The Frank Zappa AAAFNRAAAA Birthday Bundle

Released as a digital download on iTunes 21st December 2010.


  1. Willie The Pimp by DMC, Talib Kweli, MMM & Ahmet Zappa
  2. Bobby Brown by Ahmet Zappa
  3. Treacherous Cretins by Frank Zappa
  4. The Deathless Horsie by Dweezil Zappa & ZPZ
  5. City Of Tiny Lites by Frank Zappa
  6. Your Mouth by Macy Gray
  7. My Guitar Wants To Kill Your Mama by Frank Zappa
  8. Jumbo Go Away by Frank Zappa
  9. Peaches En Regalia by Dweezil Zappa, ZPZ with Napoleon Murphy Brock & Steve Vai
  10. Take Your Clothes Off When You Dance by Holland Greco
  11. The Torture Never Stops by Chloe & Robert Trujillo
  12. Stairway To Heaven by Frank Zappa

One thought on “The Frank Zappa AAAFNRAAAA Birthday Bundle”

  1. This is definitely the best of the bundles released so far on iTunes, in fact something that might actually encourage someone new to Zappa’s music to hunt down the ‘proper’albums. I personally would have no hesitation in putting this on if I wanted to hear some quality Zappa, as opposed to some curios, which is what the other bundles largely consist of.

    Five of the songs are performed by FZ’s live bands, dating from 1978 to 1988, and they are all in top form here.

    Treacherous Cretins (1979) features a superb FZ guitar solo in 11/8 (as opposed to the more familiar 4/4 version on Shut Up ‘N Play Yer Guitar). Zappa really displays his inventiveness here, and his ‘mangle it, strangle it’ approach is in full flow. This could easily be a left over from one of the previous guitar albums, and is of a similar standard.

    City Of Tiny Lites (1978) seems to have been left off the Hammersmith Odeon album in favour of another version: I haven’t really listened to that album yet, but it’s hard to see what was wrong with this. The band are scorching hot – with Terry Bozzio playing some really unusual and quite stupendous fills (listen to the fill after the first “tiny heat” line: breathtaking), and Frank once again using the same approach as above, to great effect. In fact part of the success of this version is that the solo does not go on for too long.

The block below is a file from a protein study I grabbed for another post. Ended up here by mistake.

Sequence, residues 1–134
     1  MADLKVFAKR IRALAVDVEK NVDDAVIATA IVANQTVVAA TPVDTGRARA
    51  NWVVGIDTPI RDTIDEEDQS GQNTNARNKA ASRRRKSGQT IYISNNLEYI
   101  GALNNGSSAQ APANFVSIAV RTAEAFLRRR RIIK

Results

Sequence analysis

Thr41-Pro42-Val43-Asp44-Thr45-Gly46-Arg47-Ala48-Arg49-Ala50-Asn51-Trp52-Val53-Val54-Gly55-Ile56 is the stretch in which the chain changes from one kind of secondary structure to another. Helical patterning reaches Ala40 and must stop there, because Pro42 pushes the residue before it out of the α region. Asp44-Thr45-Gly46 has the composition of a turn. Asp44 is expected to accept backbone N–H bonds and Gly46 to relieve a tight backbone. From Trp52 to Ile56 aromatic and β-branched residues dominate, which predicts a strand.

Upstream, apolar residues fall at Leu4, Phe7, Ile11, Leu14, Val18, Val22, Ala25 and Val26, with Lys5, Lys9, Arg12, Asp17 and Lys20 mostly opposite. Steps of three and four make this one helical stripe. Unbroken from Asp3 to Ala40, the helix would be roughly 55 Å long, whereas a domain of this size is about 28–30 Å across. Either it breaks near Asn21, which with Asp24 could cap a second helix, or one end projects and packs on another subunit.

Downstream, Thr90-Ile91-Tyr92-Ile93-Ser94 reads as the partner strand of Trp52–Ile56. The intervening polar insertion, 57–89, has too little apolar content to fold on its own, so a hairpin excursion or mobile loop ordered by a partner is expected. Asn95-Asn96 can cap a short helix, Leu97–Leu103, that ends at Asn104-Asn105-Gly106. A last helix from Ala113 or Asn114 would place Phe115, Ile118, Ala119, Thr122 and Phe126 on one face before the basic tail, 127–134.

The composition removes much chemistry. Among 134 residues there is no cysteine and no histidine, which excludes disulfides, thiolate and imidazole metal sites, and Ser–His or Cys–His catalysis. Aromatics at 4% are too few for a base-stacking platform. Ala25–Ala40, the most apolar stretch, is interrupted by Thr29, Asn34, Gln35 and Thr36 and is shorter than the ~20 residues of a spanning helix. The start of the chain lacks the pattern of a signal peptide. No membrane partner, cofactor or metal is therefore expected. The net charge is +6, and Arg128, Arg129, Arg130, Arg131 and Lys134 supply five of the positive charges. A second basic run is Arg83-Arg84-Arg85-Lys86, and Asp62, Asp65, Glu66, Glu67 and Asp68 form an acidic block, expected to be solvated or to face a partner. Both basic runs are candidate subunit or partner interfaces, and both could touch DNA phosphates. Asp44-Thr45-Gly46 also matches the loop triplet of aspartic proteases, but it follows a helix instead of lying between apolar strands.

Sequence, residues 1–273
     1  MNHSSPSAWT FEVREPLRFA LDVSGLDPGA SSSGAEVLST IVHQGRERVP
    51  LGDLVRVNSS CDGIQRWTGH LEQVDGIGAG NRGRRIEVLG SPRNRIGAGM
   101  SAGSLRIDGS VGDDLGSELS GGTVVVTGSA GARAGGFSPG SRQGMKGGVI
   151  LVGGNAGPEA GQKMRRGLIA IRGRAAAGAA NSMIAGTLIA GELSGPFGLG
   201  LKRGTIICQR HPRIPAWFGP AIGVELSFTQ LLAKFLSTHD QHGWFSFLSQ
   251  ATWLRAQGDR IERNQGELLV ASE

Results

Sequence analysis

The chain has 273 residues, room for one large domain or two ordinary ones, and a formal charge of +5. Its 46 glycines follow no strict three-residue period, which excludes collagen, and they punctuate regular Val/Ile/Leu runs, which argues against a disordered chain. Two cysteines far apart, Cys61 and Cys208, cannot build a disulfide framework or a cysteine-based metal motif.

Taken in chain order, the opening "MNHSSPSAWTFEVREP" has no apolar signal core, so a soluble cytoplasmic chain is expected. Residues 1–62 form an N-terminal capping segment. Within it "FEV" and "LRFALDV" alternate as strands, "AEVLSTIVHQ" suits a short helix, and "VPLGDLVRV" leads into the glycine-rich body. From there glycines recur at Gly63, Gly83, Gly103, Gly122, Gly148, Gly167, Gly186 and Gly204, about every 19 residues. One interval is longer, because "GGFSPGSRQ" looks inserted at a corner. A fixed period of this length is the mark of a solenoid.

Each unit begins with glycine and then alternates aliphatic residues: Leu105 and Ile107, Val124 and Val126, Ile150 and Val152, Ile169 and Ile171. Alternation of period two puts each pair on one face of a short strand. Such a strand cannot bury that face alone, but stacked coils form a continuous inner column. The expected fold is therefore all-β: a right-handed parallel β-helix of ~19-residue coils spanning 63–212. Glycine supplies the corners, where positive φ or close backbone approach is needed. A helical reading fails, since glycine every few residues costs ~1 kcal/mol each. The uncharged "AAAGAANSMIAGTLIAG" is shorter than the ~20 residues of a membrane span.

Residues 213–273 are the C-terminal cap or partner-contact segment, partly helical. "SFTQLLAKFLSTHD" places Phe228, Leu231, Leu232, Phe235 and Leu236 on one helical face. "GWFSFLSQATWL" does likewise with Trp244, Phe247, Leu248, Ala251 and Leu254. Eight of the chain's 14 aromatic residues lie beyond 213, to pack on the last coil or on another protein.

My Guitar is from the 1988 tour, with FZ’s solo yet again being the highlight.

    I’ve never really cared for the bootleg versions I’ve heard of the 1979 tour version of Jumbo Go Away, but this performance was mixed by FZ himself and is subsequently transformed. Most of the attention seems to have been given to Tommy Mars’ keyboards, and it really helps. The difficult middle section features truly awe-inspiring playing from the band.

    The final FZ-performed track is Stairway To Heaven, which differs greatly from the version released on The Best Band You Never Heard In Your Life. It is from the U.S. leg of the ’88 tour, and is closer in arrangement to the original Led Zeppelin recording. However, during this performance FZ seems to have 2 agendas: 1. to make Ike Willis laugh by interjecting samples from the synclavier and 2. to play another blistering guitar solo. I never fail to laugh out loud when I listen to this recording, and prefer it way above the previously available version. Also you really get a sense of the sheer volume and power of the ’88 band, which I find not always immediately apparent on the albums released that document that tour.

    And now to the ZFT-era seemingly obligatory negative comments:
    Why include a bunch of truly dreadful cover versions by some other folks?
    Why release this wonderful material only via iTunes? Mp4s only? You’re kidding?
    Why have very irritating rapid fade-outs for most of the songs?
    Why force us to buy the whole album in order to hear Stairway To Heaven?
    (I guess the answer to that last one would be “We didn’t force you: it’s the world’s finest optional entertainment”).

    Well, it’s cheaper than a night in the pub, and the after-effects stay with you a lot longer. I try not to dwell on the negative stuff, and just listen to this wonderful music.

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